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The deadlines! arm me! Threat of default!
The US may be a few days away from being unable to pay its bills, but Wall Street has seen this movie before, and markets seem unfazed – for now.
“One staffer on Capitol Hill likened this, the debt ceiling, to passing a kidney stone,” says Libby Cantrell, head of public policy at Pimco, which manages some of the largest bond funds in the world. “We all know it will pass. It’s just a matter of how painful it is.”
On Wall Street, everyone acknowledges that a debt default would be devastating to markets and the economy, and most investors believe that lawmakers will eventually cut a deal as they have in the past.
“We think the stakes are too high for both sides of the aisle to really reconcile,” says Eric Friedman, chief investment officer at US Bank Asset Management Group.
However, portfolio managers are still juggling what would happen if lawmakers are unable to pass a deal to raise or suspend the debt ceiling.
If so, the impact will be severe. Here’s what to expect.
How bad would that be?
At the very least, there will be a massive sell-off on Wall Street. In its latest analysis, UBS says the S&P 500 could drop at least 20%.
But it is hard to predict how much worse the US could get because the US has not defaulted on its debt.
Analysts believe the sell-off could match or exceed the sharp drop in September 2008, when the House of Representatives rejected a $700 billion bailout package while the United States was on the brink of the global financial crisis.
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The Dow Jones Industrial Average fell about 778 points that day, which was then the largest single-day drop in points in the index’s history.
A default would send US bond markets sharply lower.
Treasurys are among the safest investments all over the world. They are held by companies and countries around the world and used as collateral in all kinds of financial transactions. If the federal government fails to pay bondholders, it will have unimaginable consequences for the standing of the United States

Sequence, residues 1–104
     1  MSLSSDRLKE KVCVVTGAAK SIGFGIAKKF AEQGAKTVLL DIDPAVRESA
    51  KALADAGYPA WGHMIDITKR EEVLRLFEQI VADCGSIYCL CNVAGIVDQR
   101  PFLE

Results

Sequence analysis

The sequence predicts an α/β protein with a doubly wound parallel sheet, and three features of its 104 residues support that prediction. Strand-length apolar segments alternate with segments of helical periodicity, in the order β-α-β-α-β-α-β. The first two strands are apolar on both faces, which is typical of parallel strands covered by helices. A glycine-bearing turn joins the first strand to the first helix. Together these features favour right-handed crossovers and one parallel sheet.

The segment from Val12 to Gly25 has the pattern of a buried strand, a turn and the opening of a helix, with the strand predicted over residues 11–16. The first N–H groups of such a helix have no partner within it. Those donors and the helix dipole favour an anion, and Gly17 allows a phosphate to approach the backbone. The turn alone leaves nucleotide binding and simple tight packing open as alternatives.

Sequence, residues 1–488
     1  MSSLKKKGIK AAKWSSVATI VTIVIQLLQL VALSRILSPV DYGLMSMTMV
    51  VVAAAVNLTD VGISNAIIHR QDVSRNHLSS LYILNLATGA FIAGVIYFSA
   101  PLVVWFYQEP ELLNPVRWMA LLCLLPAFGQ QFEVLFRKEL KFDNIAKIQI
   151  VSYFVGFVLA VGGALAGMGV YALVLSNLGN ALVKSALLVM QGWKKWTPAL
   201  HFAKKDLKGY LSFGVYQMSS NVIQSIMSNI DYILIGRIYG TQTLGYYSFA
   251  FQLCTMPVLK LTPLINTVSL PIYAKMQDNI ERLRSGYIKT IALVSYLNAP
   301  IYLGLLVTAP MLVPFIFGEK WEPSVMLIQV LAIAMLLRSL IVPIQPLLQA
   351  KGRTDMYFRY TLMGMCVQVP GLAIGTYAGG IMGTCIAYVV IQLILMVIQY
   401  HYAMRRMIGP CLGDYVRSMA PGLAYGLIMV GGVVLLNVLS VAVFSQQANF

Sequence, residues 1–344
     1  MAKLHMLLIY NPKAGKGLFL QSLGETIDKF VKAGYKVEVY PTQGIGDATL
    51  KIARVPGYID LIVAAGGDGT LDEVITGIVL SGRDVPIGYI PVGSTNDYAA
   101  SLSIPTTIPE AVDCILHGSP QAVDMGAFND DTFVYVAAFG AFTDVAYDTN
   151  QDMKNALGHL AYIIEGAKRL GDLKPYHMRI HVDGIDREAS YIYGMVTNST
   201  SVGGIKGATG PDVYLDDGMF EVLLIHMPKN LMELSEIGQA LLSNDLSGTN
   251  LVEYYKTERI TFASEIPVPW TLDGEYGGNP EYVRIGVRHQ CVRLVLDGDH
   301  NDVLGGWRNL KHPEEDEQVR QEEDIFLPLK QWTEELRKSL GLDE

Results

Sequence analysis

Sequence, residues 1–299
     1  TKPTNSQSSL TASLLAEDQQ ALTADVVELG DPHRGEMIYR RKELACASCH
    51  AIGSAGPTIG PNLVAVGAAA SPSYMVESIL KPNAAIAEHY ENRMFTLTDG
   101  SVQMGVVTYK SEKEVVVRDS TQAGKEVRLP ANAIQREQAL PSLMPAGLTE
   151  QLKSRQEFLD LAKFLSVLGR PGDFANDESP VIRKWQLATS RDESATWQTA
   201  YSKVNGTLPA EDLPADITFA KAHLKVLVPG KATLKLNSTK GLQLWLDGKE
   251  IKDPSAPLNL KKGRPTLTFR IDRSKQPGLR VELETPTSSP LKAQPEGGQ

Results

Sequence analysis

A default could also weaken the US dollar, which is widely seen as the most important currency in the world due to the crucial role it plays in the global economy.
“The world’s main reserve currency and the world’s ‘safe’ asset, which form the bedrock of the global financial system, have suddenly become much less safe and must be re-priced,” UBS economists wrote in a May 19 note to clients. “It is unpredictable how this will cascade through the system.”
Analysts also believe that credit rating agencies will downgrade the country’s credit rating.
Currently, the United States has an “AAA” rating from two of the three major credit agencies. The US suffered a credit downgrade in 2011 from another major ratings firm, when S&P Global Ratings downgraded the country to AA+ amid another round of debt negotiations under President Obama.
How will market turmoil affect me?
Obviously, a sharp decline in stocks will hurt pension funds or other investment funds across the board. At the same time, bond markets determine all kinds of borrowing costs, which would rise sharply if there were a US default.
This could be worse news for anyone hoping to buy a home or a car at a time when borrowing costs are already skyrocketing after the Federal Reserve aggressively raised interest rates to fight soaring inflation. Mortgage rates, for example, will go up even more, and so will credit card interest rates.
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Inflation has eased somewhat, but it’s still close to the Fed’s 2% target, and many economists predict the US is heading into a recession. Moreover, there is still turmoil in the banking sector after the recent failures of three regional lenders.
“There is already a lot of pressure on the US economy,” says Seema Shah, chief global investment analyst at Principal Global Investments. “She can’t afford another big shock to fall on her head.”
Echoing what policymakers have said, Shah said that a government default would not only trigger a domestic recession, but could lead to another global financial crisis.
Is this how it will be?
As long as the United States has that limit on how much it can borrow, that is more likely to happen.
Lawmakers have voted to raise the debt ceiling more than 100 times, but debates over the debt limit have become more divided and used as a political weapon.
In recent days, business leaders have become more involved in the process.
On Thursday, Treasury Secretary Janet Yellen met with dozens of bank CEOs, while more than 100 CEOs wrote a letter to President Biden and congressional leaders, warning them of the consequences of inaction and encouraging them to raise the debt limit.
“Action to end the outstanding debt crisis is now necessary,” they wrote, noting that a default would “weaken our standing in the global financial system.”
“We strongly urge that an agreement be reached quickly so that the country can avoid this potentially devastating scenario.
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